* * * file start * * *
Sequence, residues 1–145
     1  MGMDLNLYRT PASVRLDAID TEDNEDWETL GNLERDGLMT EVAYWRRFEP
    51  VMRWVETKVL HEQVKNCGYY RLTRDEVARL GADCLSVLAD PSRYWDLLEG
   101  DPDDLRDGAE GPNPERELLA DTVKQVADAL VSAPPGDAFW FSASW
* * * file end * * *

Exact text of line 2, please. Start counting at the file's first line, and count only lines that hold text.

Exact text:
     1  MGMDLNLYRT PASVRLDAID TEDNEDWETL GNLERDGLMT EVAYWRRFEP